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What is the average household income in Canada for 2020-2021?

Posted on January 7, 2021
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Work Permit Visa to Canada

According to Trading Economics, the Looking forward, the average disposable personal income in Canada will be about 1381930.49 CAD million in 2021 and 1450228.00 CAD million in 2022.

The changes in the average household income in Canada in 2021 is expected to be a reflection of the changes in the spending habits after the pandemic stuck.

The pandemic is expected to have an impact on the cost of living in Canada. The prices of certain basic necessities may rise or fall, for example housing costs are expected to fall by 7 percent.

For workers around the country, the average Canadian wage in 2020 was $1,050.59 which means that the average annual salary for full-time employees is just over $54,630 a year.

The average salary in Canada in 2020 increased by 4% since January 2019.

The average Canadian wage for workers around the country in 2020 was $1,050.59 a week as of January 2020, which means that the annual average salary for full-time employees is just over $54,630 per year.

Canadian Annual Salary-Average figures by province and territory

  • Newfoundland and Labrador – $55,508 (+2.3)
  • Prince Edward Island – $45,912 (+3.6%)
  • Nova Scotia – $48,470 (+4.3%)
  • New Brunswick – $49,511 (+2.9%)
  • Québec – $51,735 (+4.8%)
  • Ontario – $55,524 (+3.8%)
  • Manitoba – $49,661 (+0.1%)
  • Saskatchewan – $54,371 (+1.9%)
  • Alberta – $61,865 (+3.8%)
  • British Columbia – $53,416 (+5.6%)
  • Yukon – $61,812 (+5.0%)
  • Northwest Territories – $77,670 (+5.4%)
  • Nunavut – $87,355 (+20.1%)

The average salary is higher in provinces which have a traditionally strong economy- Alberta ($61 865), British Columbia (53, 416), Ontario ($55, 524), and Saskatchewan ($54, 371) at the same time, these provinces also have higher living costs.

Much of Canada’s highest average wages in 2020 can be found in Nunavut, the Northwest Territories and the Yukon, with about the same average wage as in Alberta.

Provinces/territories with the highest rate of salary growth

  • Nunavut – +20.1%
  • British Columbia – +5.6%
  • Northwest Territories – +5.4%
  • Yukon – +5.0%

Average Canadian Annual Salary by Job Sector

  • Accommodation and Food Services – $22,877.92 (+6.4%)
  • Administrative and Support – $47,369.92 (+9.4%)
  • Arts, Entertainment and Recreation – $40,241.76 (+26.3%)
  • Construction – $68,374.28 (+3.2%)
  • Education – $58,343.48 (+6.5%)
  • Finance and Insurance – $76.843 (+9.1%)
  • Forestry and Logging – $58,739.20  (-8.9%)
  • Health Care and Social Assistance – $52,888.68 (+8.4%)
  • Information and Culture Industries – $71,634 (+4.3%)
  • Management of Companies and Enterprises – $74,560.72 (+0.0%)
  • Manufacturing – $59,250,36 (+1.6%)
  • Mining, Oil and Gas Extraction – $113,506.12 (+3.1%)
  • Professional, Scientific and Technical Services – $76,077.56 (+2.0%)
  • Public Administration – $75,799.88 (+9.3%)
  • Real Estate (Rental/Leasing) – $58,623.76 (+14.6%)
  • Retail – $34,503.04 (+8.0%)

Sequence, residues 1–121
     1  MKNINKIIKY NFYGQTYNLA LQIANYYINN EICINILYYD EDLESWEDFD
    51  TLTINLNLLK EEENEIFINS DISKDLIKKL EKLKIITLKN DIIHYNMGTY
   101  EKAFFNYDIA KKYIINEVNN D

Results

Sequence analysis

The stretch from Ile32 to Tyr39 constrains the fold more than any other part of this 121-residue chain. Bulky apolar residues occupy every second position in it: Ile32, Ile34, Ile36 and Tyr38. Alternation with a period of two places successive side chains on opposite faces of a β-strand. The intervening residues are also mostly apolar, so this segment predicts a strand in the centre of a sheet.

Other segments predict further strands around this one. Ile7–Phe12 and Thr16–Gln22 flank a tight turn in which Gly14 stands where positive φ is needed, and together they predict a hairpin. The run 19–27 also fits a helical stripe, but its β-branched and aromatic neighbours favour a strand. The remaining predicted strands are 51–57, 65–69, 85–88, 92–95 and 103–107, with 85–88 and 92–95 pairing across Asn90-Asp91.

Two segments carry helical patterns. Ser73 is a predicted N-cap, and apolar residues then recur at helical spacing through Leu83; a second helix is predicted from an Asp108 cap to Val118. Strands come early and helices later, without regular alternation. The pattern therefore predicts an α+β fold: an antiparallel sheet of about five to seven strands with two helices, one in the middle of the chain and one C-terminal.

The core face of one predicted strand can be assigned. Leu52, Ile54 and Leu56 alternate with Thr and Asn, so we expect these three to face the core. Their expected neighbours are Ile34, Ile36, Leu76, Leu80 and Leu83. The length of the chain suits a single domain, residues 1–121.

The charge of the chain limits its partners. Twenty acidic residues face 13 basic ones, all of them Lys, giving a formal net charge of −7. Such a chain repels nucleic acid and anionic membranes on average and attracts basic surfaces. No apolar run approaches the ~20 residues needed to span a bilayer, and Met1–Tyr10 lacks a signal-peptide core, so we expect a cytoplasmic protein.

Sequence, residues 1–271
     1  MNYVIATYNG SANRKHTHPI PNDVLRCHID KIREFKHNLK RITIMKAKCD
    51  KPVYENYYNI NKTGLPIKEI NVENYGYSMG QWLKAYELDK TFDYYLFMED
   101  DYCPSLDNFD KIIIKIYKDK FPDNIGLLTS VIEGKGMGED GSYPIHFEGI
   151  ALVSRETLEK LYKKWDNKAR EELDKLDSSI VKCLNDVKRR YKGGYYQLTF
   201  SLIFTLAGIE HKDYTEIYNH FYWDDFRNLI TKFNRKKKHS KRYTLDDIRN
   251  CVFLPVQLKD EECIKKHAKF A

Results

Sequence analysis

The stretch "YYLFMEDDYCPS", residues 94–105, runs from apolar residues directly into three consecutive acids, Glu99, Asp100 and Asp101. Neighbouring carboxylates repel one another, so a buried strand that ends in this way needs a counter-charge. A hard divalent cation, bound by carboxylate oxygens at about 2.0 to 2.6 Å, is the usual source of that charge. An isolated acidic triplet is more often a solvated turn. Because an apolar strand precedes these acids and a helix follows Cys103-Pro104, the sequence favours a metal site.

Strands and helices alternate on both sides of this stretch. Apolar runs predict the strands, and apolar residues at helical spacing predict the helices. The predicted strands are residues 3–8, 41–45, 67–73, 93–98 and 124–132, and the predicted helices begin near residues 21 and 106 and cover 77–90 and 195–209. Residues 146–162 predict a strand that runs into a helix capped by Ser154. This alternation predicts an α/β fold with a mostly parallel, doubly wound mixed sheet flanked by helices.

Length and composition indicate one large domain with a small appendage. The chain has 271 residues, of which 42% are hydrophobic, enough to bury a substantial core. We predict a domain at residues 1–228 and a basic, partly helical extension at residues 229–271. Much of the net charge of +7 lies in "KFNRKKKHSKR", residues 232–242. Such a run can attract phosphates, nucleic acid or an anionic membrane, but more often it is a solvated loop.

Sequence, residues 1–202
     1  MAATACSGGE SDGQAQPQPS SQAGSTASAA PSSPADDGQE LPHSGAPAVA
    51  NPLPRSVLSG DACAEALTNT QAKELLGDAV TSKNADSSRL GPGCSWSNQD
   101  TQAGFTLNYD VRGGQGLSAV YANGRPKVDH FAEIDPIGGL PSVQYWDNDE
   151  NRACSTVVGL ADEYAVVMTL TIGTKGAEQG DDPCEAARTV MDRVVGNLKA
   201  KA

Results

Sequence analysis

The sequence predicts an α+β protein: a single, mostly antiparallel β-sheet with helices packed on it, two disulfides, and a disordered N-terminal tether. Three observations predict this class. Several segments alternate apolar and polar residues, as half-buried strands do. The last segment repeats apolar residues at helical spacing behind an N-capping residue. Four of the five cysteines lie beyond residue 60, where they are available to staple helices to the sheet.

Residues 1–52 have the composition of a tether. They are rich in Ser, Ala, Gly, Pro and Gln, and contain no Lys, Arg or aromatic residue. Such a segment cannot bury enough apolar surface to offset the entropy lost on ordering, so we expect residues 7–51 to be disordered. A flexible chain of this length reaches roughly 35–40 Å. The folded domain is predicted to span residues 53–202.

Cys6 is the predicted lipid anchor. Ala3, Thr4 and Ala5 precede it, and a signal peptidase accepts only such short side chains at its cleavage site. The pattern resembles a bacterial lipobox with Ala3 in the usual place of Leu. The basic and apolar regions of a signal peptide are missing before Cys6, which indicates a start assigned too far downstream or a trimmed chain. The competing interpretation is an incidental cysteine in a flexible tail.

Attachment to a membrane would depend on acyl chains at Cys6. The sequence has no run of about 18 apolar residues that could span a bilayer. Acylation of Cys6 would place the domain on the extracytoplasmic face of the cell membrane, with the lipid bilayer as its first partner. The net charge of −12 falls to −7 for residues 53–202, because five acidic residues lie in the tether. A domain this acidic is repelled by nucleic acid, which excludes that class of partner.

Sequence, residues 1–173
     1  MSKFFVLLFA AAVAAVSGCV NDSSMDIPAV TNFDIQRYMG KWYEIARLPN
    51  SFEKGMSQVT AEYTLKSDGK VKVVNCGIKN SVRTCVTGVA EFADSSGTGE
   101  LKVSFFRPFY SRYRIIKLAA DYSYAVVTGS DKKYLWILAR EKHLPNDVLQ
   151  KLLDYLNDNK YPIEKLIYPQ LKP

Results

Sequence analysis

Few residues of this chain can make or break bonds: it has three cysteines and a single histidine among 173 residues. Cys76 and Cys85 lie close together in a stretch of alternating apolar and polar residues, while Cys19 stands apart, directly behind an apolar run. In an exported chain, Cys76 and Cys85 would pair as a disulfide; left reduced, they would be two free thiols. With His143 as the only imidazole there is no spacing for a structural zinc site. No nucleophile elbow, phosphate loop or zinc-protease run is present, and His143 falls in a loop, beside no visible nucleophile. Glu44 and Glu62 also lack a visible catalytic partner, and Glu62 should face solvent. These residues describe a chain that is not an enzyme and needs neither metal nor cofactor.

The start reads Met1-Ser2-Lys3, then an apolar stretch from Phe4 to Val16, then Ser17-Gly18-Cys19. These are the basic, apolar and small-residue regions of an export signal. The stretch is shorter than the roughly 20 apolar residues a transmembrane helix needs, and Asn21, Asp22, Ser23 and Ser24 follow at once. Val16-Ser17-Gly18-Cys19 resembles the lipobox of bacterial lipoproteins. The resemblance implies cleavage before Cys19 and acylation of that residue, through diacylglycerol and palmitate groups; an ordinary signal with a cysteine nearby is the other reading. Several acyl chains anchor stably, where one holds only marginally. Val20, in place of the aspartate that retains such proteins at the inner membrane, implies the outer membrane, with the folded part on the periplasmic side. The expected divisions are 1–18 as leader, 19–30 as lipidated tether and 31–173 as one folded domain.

• Transportation and Warehousing – $61,011.08 (+6.7%)
  • Utilities – $101,531.04 (+1.6%)
  • Wholesale Trade – $67,456.48 (+2.8%)

This information is based on the figures as on June 2020.

Although the average Canadian wage increased by 4% in 2020, this does not mean that this growth rate is consistent across all industries and sectors of the economy. In fact, six of the industries mentioned above enjoyed an average wage increase of more than 8%, double the national average:

  • Arts, Entertainment and Recreation – +26.3%
  • Real Estate (Rental/Leasing) – +14.6%
  • Administrative and Support – +9.4%
  • Public Administration – +9.3%
  • Finance and Insurance – +9.1%
  • Health Care and Social Assistance – +8.4%
  • Retail – +8.0%

The average salary in Canada is $68,911 per year or $35.34 per hour. Entry level positions start at $25,298 per year while most experienced workers make up to $117,148 per year.

The more years of experience will get a higher salary. Those with 2 to 5 years of experience earn 32% more than freshers across industries. Those with more than 5 years of experience can earn 36% more.

Job Sectors with the highest average annual salary

  • Mining, Oil and Gas Extraction – $113,506.12
  • Utilities – $101,531.04
  • Finance and Insurance – $76.843
  • Professional, Scientific and Technical Services – $76,077.56
  • Public Administration – $75,799.88

Cost of living

The cost of living in Canada is much more affordable compared to other countries such as Australia and the USA.

Source: Investopedia

People usually have equal annual incomes in the U.S. and Canada. Nevertheless, with greater government support for maternity leave through job insurance schemes, Canada has a better government-mandated family policy. Canadians may expect to pay less than the cost of healthcare as well. In addition, in Canada, educational university expenditures are also lower.

If you are planning to apply for Work Permit Visa to Canada, Talk to Y-Axis that can help you with complete visa application process & assists you in getting the visa faster.

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